Internet pirates are coming for you: how to sink their ship and keep your business afloat

Anything that can go wrong, does.” 

Remember Murphy’s law? It is just as valid for your company’s exposure to hackers and cybersecurity risks.

Every company’s IT team acts the same way as the construction team that builds a factory… But builders should not be responsible for protecting the business from attackers, such as robbers or malicious competitors, that’s not their job. Neither is your IT equipped to fight hackers.  

Just as in the image above – construction workers and defenders have entirely different skillsets and objectives. 


To fight a tank, you need a tank. 

Regardless of how great your IT team is, they will not create a secure factory. At best, it will just be productive.

Even with the fanciest firewall and the most expensive antivirus, you will experience a security breach. It happens, just as people get sick from time to time. If your immune system is robust, you will recover quickly, and if it is not, things may worsen soon.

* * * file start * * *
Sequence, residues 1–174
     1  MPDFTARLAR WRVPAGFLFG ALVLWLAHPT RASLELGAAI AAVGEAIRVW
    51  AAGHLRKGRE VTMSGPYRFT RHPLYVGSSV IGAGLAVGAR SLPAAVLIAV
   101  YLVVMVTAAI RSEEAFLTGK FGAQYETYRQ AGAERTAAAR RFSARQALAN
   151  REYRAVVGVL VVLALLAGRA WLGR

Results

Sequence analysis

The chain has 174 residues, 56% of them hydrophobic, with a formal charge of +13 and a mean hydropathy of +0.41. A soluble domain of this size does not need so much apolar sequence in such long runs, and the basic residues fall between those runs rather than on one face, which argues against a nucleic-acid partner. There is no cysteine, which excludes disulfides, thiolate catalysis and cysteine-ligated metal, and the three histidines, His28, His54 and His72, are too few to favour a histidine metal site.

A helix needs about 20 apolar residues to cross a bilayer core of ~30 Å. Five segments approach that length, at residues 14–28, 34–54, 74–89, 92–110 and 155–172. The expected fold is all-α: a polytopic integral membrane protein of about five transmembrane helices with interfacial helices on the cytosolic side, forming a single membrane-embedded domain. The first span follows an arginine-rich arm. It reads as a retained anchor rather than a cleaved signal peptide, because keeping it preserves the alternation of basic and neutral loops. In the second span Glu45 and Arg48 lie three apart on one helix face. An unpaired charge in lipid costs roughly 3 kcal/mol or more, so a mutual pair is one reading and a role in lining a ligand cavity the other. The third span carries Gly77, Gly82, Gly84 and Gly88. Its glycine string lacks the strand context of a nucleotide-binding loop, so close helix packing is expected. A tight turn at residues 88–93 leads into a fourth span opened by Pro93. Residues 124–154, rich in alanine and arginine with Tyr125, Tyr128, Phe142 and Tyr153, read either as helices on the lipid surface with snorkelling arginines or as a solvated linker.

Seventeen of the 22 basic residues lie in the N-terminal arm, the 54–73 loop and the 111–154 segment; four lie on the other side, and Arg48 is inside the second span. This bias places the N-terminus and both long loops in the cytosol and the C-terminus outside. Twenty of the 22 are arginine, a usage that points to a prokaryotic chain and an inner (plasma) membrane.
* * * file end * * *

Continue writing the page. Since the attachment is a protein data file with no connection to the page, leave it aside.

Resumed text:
We all invest in our personal security and those closest to us from sickness and other risks – that is why we have airbags in our cars, we wear masks during COVID-19 lockdowns, and we shield our children by closely monitoring them while they’re young. If we don’t, our children or our business may suffer. 

Businesses like to feel safe and buy security solutions. You have probably already bought an antispam solution and a firewall, and you’re running some form of antivirus or even EDR to protect your computers. That’s alright. 

But investing in security products before you have invested time and effort in the security configuration of every IT element in your business is like throwing money at the fire – your investment will disappear without providing you safety.